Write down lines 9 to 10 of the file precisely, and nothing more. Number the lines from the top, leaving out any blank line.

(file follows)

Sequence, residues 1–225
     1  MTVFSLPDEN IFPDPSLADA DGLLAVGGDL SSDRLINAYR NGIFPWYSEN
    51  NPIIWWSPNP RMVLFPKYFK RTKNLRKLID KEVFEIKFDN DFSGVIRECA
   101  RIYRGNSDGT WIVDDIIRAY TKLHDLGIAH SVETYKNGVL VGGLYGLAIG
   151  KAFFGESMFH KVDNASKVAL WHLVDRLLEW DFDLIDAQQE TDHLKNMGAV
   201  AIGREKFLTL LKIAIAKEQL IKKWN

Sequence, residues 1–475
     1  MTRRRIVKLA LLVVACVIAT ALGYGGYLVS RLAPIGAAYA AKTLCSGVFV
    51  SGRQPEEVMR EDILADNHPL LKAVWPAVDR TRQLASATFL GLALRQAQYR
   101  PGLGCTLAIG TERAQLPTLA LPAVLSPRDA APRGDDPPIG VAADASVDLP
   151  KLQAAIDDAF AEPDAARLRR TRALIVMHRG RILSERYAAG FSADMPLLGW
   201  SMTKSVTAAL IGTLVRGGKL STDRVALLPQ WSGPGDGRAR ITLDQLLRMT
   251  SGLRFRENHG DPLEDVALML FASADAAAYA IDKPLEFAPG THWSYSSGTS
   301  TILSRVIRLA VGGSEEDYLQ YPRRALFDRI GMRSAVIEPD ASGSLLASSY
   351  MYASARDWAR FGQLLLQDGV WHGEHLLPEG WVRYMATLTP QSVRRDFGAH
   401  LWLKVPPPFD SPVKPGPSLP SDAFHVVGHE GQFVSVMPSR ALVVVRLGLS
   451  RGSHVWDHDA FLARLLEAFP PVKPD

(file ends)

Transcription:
    51  SGRQPEEVMR EDILADNHPL LKAVWPAVDR TRQLASATFL GLALRQAQYR
   101  PGLGCTLAIG TERAQLPTLA LPAVLSPRDA APRGDDPPIG VAADASVDLP